In a move that would reshape Charlotte’s mayoral race, the two Democrats challenging incumbent Jennifer Roberts could take an unusual step: one would drop out to give the other a better chance in September’s primary.
State Sen. Joel Ford and Mayor Pro Tem Vi Lyles confirmed Thursday that they’ve talked about the possibility.
“We agreed on two things,” Ford told the Observer. “One is that Jennifer needs to go, and only one of us needs to run. That’s what we agreed on… We have to decide who that will be.”
And each maintains that they’re the best candidate to take on Roberts.
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The maneuvering comes ahead of North Carolina’s highest profile race of the year, one that already has drawn national attention. Charlotte was the epicenter of the debate over transgender rights and House Bill 2, passed in response to a 2016 Charlotte ordinance.
Filing for office opens July 7 and runs through July 21. Republican City Council member Kenny Smith already has announced for mayor.
Lyles acknowledged discussing her options with Ford.
“(Both) of us agreed that a change is needed in leadership,” she said. “We both recognize the demographics of our city.”
Ford and Lyles said voters would determine who is the stronger candidate against Roberts, though they gave no specific benchmarks.
Davidson College political scientist Susan Roberts said winnowing the field would have “a huge impact on the race, given the demographics of Charlotte.”
“If Joel and Vi are thinking that way, that means the voters are thinking that way,” she said.
Like nearly two out of three Democratic voters in the city, Lyles and Ford are African-American.
In 2015, four major Democratic candidates competed in the primary, including two African-Americans. Roberts won eight of the 20 precincts with the largest percentages of black voters, the Observer found. Council member David Howard won all but one of the rest. In the African-American precincts Roberts won, Howard and then-Council member Michael Barnes often finished second and third.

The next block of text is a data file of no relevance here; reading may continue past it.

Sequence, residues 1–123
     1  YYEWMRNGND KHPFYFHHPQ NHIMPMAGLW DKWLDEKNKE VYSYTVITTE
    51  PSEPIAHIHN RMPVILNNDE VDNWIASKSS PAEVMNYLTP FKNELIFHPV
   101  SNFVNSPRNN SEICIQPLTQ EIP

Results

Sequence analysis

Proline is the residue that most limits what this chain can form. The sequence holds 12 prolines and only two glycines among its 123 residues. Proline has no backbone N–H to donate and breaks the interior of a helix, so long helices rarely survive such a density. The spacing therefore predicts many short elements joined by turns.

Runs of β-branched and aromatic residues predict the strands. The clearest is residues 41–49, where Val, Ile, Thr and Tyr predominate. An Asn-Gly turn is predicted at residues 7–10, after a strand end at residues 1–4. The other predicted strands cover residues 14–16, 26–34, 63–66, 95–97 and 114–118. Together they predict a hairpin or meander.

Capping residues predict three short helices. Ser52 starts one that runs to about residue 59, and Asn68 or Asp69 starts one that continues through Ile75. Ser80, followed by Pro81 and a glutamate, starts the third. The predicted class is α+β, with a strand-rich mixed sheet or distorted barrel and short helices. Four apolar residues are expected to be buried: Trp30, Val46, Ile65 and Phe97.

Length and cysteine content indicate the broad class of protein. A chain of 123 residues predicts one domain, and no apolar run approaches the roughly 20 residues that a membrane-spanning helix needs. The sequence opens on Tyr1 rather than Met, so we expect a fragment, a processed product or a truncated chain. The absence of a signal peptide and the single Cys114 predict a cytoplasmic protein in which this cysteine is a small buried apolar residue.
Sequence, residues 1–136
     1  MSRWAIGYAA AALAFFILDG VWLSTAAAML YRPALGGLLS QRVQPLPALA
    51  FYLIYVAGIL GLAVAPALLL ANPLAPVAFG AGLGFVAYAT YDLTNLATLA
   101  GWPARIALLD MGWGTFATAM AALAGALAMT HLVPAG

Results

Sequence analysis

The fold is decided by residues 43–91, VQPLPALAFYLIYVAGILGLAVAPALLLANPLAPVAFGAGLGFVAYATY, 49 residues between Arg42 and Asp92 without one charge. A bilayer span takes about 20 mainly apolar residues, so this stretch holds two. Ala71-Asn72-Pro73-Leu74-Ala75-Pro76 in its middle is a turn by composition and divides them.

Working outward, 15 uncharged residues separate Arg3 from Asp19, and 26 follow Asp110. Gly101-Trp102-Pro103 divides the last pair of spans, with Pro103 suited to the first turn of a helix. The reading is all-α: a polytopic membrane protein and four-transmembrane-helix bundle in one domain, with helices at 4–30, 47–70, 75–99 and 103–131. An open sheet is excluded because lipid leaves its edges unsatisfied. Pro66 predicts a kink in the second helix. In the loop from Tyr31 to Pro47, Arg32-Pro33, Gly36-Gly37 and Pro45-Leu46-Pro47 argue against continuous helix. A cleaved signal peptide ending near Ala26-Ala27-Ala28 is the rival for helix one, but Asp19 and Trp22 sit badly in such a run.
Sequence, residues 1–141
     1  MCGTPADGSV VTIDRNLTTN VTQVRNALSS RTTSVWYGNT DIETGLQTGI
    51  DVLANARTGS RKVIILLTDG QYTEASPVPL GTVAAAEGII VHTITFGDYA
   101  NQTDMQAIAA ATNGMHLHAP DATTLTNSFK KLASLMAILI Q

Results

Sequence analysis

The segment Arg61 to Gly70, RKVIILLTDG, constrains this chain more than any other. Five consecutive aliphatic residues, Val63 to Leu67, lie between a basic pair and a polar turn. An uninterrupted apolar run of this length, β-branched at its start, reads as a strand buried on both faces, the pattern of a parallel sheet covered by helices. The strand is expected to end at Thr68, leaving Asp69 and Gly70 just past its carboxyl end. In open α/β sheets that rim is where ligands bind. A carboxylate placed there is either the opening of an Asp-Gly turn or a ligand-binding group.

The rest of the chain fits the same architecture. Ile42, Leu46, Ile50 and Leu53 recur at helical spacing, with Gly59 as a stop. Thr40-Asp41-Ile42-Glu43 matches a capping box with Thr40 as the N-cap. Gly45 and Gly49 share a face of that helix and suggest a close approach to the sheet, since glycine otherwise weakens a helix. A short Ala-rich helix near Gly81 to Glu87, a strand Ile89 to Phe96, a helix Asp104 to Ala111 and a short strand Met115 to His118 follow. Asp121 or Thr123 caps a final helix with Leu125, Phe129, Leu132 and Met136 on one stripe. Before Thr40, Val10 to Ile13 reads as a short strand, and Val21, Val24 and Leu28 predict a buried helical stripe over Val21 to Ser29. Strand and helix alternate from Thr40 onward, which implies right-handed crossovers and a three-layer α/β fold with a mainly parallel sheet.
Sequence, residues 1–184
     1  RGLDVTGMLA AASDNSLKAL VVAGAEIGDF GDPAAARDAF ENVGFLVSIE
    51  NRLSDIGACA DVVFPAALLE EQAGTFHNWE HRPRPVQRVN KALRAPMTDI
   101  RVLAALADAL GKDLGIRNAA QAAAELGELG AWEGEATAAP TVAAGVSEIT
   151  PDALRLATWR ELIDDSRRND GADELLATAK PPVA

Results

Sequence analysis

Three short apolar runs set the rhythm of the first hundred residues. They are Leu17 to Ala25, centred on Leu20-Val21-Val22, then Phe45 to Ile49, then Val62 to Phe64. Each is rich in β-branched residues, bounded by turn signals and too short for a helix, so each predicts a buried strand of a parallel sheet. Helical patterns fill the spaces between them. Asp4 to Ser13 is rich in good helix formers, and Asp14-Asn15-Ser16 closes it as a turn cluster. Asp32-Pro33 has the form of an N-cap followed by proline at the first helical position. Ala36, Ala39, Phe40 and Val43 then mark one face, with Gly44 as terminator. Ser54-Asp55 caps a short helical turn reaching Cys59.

Roberts won 36 percent of the primary vote. She went on to defeat incumbent Dan Clodfelter in a runoff.
A candidate needs 40 percent to avoid a runoff. Both challengers know that how the Democratic primary vote splits will affect the outcome.
“Clearly I think the African-American split benefits Jennifer,” Ford said. “(But) a female split benefits Joel Ford.”
Roberts’ campaign manager, Sam Spencer, said the mayor “is focused on creating jobs and moving the Queen City forward, not backroom deals.”
“She’s the strongest candidate in the race no matter how the field shakes out,” he said.
Both of Roberts’ rivals said they’re the stronger choice.
Lyles said she’s pushing on a message of inclusion and collaboration, focused on upward mobility and neighborhood safety. “I’m confident I can bring the kind of change people want,” she said. “My commitment to the city is long and deep.”
Ford promised to make crime fighting a priority, and pledged to hire an additional 100 officers over what the Charlotte-Mecklenburg Police Department already has requested.
Ford announced this month that he has raised nearly $200,000 for the race, though finance reports aren’t due until July. Last month a Raleigh consultant formed a political action committee called Citizens for a Better Charlotte that will work on Ford’s behalf.
“My desire is to work as hard as I can to hopefully garner enough support so hopefully, by July 7, it’s loud and clear who the community wants to challenge Mayor Roberts,” Ford said.